Wells Fargo under criminal investigation for alleged fake job interviews of minority applicants

Wells Fargo is under criminal investigation after bank managers were accused of conducting mock interviews with minority applicants and women for previously filled positions to improve the diversity statistics of the bank.

The investigation is being led by the new Civil Rights Unit within the Criminal Division of the U.S. Attorney’s Office in Manhattan.

The new unit was started by Damian Williams, the US Attorney for the Southern District of New York.

The investigation comes a month after a New York Times report in which former bank workers came forward, saying they had been instructed by superiors to conduct interviews with black candidates despite the fact that someone one had already been chosen for the positions.

Former Wells Fargo wealth management chief Joe Bruno, 58, told The Times he was fired last August after speaking out against his bosses over the bank’s alleged ‘fake interviews’, which he described as “inappropriate, morally wrong, ethically wrong”.

Bruno claimed he was tasked with interviewing black candidates for the lowest-paying positions of financial adviser and financial consultant, despite the fact that he or his superiors had already selected someone for the position.

Bruno told The Times at one point that he refused to conduct the interviews, telling his bosses, “I have a black person on the other side of the table who has no chance of getting the job. ‘, and says he was fired in retaliation for speaking out.

The investigation is being led by the new Civil Rights Unit within the bureau launched by Damian Williams, the US Attorney for the Southern District of New York (pictured)

Former Wells Fargo wealth management chief Joe Bruno, 58, (left) claims he was fired after speaking out against his bosses over the bank’s ‘fake talks’. The investigation is being led by the new Civil Rights Unit within the office launched by Damian Williams (right), the US Attorney for the Southern District of New York.

Manhattan federal prosecutors have launched a criminal investigation into Wells Fargo to determine whether the bank's hiring practices broke the law

Manhattan federal prosecutors have launched a criminal investigation into Wells Fargo to determine whether the bank’s hiring practices broke the law

The New York Times reports that no apparent charges are being investigated at this point, but the investigation signals a federal willingness to use the criminal law to resolve issues that could have been treated as civil matters in the past.

Bruno is just one of seven current and former Wells Fargo employees who say their bosses in the wealth management unit asked them to interview so-called “diverse” candidates for positions that had already been filled. by another candidate.

Five other people also came forward and said they knew about the practice or had a hand in arranging the interviews, The Times reported last month.

According to the employees, some of whom remained anonymous for fear of losing their jobs, the interviews were a ploy to bolster the bank’s diversity efforts in anticipation of possible regulatory audits instead of actually diversifying the bank’s workforce.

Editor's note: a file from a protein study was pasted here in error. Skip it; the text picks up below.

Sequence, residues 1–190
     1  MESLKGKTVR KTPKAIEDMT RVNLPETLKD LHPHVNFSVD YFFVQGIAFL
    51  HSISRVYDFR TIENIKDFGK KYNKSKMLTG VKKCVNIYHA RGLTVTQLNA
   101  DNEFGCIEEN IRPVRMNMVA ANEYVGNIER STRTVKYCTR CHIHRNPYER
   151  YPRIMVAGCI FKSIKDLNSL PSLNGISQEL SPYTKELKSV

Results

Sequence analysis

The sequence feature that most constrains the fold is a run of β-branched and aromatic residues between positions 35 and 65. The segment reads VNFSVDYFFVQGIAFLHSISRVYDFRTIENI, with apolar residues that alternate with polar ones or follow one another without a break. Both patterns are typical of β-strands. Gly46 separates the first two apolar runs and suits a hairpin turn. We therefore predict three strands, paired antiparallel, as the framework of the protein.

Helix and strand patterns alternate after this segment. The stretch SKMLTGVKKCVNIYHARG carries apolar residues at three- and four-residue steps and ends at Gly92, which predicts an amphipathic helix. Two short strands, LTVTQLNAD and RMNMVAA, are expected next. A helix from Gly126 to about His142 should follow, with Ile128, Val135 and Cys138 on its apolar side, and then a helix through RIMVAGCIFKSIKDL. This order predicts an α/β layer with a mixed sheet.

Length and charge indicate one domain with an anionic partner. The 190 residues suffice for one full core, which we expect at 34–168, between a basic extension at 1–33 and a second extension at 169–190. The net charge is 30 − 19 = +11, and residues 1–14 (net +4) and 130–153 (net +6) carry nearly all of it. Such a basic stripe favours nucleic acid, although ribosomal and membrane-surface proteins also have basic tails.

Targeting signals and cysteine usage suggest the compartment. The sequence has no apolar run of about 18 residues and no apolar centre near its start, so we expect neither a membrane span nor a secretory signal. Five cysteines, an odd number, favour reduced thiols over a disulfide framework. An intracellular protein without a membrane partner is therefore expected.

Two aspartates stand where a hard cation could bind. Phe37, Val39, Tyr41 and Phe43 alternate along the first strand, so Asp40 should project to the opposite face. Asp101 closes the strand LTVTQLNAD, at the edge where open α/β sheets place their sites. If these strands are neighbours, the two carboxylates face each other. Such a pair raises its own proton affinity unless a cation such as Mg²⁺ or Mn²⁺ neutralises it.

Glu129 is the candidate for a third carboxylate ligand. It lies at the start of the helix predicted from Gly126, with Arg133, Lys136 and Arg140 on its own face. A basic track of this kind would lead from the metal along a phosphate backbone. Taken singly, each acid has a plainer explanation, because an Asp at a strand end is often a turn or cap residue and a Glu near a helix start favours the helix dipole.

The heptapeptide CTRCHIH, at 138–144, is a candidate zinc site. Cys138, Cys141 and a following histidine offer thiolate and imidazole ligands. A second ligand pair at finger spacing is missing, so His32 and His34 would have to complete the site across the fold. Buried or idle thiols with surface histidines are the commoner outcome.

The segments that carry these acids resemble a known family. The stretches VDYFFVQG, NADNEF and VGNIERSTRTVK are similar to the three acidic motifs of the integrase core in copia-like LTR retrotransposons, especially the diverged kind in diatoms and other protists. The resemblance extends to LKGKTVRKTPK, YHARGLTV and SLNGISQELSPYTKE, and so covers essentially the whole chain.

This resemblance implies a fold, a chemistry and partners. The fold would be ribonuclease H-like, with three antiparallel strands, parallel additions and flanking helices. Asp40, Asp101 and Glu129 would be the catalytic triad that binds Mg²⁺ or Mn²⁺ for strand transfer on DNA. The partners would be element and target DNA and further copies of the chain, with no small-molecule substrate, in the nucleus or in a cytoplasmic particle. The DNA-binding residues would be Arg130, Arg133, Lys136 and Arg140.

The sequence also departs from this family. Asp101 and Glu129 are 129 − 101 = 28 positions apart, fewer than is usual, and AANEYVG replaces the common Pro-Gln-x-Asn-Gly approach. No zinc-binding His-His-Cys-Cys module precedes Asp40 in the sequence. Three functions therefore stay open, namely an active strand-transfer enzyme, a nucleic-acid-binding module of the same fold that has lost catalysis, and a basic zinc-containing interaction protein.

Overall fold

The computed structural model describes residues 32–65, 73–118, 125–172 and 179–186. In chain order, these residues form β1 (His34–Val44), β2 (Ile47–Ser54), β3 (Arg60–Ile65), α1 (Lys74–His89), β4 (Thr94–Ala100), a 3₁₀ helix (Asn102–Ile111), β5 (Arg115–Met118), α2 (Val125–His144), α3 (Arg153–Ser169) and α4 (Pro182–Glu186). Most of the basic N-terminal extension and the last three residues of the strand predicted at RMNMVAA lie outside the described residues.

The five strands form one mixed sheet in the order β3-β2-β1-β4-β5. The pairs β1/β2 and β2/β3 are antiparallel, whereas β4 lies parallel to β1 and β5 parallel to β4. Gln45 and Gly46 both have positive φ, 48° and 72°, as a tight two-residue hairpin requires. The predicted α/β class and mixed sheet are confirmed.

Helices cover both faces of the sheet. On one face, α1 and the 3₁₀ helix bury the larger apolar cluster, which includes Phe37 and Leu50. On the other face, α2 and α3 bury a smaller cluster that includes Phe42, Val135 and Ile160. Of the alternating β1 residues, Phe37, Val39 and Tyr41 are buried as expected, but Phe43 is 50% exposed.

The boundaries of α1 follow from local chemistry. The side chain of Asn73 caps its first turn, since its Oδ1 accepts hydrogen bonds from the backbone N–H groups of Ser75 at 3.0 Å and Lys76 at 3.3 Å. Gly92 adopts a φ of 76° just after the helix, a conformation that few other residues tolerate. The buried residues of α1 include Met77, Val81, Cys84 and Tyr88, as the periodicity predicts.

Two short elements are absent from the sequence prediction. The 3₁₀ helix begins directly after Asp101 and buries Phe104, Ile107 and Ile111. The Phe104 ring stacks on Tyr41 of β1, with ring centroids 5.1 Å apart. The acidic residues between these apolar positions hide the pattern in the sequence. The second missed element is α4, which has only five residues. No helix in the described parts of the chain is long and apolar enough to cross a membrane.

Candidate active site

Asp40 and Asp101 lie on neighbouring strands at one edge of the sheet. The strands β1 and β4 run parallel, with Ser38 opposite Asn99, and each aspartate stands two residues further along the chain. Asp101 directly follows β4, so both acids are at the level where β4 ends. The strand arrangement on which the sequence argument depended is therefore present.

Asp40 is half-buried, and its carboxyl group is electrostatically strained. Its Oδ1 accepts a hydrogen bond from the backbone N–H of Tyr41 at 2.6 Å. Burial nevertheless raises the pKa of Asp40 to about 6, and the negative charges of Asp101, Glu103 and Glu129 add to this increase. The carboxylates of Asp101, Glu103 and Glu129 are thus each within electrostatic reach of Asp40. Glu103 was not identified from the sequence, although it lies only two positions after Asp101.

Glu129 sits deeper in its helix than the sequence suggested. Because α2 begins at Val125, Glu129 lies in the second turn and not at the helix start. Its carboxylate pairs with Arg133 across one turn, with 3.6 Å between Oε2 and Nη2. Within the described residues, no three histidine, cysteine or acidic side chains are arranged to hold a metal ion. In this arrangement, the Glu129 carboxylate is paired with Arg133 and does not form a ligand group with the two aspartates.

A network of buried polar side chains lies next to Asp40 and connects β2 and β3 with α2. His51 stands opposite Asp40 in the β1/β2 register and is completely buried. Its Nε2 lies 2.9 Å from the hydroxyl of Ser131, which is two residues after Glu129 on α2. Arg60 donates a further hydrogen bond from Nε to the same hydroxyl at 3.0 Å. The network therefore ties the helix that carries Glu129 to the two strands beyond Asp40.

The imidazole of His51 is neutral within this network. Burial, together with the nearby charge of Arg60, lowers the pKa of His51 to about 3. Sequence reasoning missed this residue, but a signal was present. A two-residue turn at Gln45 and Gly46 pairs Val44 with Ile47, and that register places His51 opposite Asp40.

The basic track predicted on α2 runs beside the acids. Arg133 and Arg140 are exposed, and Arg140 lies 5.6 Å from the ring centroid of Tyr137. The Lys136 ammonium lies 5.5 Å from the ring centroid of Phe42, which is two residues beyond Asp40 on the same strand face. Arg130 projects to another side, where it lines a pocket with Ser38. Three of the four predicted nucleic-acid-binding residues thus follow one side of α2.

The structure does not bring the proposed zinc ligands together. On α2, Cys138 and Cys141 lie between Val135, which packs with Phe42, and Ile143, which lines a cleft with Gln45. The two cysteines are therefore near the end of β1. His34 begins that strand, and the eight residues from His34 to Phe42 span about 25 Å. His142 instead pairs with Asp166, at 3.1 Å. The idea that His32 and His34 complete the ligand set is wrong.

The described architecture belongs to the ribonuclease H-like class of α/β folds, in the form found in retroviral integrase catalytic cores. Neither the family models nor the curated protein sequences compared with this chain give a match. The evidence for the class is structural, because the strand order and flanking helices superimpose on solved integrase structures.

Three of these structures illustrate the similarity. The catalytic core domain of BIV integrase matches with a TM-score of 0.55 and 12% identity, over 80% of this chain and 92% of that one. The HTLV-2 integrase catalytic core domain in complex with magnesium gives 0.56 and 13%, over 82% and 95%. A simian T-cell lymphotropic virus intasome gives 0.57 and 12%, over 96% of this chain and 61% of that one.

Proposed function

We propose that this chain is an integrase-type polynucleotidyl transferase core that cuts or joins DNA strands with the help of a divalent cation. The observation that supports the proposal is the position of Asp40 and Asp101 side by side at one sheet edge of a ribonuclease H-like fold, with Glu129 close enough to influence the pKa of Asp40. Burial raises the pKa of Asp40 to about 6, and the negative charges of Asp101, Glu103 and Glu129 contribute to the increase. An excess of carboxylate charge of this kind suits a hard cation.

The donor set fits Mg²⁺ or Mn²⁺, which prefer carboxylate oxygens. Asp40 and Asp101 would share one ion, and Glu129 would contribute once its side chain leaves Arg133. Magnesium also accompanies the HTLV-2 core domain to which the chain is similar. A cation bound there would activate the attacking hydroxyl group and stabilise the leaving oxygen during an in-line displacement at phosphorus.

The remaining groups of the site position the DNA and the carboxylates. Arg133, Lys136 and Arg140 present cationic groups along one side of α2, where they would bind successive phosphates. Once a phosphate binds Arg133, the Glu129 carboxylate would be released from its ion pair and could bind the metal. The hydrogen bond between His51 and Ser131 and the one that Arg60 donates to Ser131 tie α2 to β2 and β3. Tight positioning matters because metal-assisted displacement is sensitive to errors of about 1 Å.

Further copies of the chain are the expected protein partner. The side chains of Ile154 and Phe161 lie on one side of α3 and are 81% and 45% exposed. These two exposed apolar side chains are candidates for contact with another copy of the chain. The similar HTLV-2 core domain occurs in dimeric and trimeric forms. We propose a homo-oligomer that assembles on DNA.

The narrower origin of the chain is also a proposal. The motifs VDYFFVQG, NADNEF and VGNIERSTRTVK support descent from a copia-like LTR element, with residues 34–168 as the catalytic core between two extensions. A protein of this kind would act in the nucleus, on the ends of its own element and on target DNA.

The claims come two years after CEO Charles W. Scharf pledged to increase diversity following the June 2020 murder of George Floyd.

The bank adopted a formal policy that required diverse candidates to be interviewed for all vacancies earning more than $100,000 per year.

On Monday, the bank’s CEO, Charles W. Scharf, announced that Wells Fargo would put a pause on the diverse hiring policy in order to implement changes.

Wells Fargo spokeswoman Raschelle Burton also denied the false interview allegations, telling the Times in an emailed statement: “To the extent that individual employees engage in the behavior described by The New York Times, we don’t tolerate it”

Burton says that in 2020 the bank hired nearly 26,000 people and 77% of them were non-white men, and that 81% of the 30,000 new hires in 2021 were non-white men.

On Monday, the bank's CEO, Charles W. Scharf (pictured), announced that Wells Fargo would pause its diversity hiring policy to implement changes.

On Monday, the bank’s CEO, Charles W. Scharf (pictured), announced that Wells Fargo would pause its diversity hiring policy to implement changes.

She did not specify what percentage of those new hires were for jobs paying more than $100,000.

The bank has already been in legal hot water regarding diversity.

In August 2020, the bank paid an $8 million settlement to the Department of Labor for allegedly discriminating against more than 30,000 black applicants for banking, sales, and bank support positions.

Previously, the bank was forced to settle a class action lawsuit over racial discrimination in 2017, paying $36 million to 320 black financial advisers who said they weren’t given the opportunity to win new clients or partner with financial advisers. whites.

Following the settlement, the bank promised to “take steps to improve employment, income, and advancement opportunities for African-American financial advisors and financial advisory trainees,” as well as to adopt a unofficial policy of interviewing at least one woman or person of color for every open job, Burton said.

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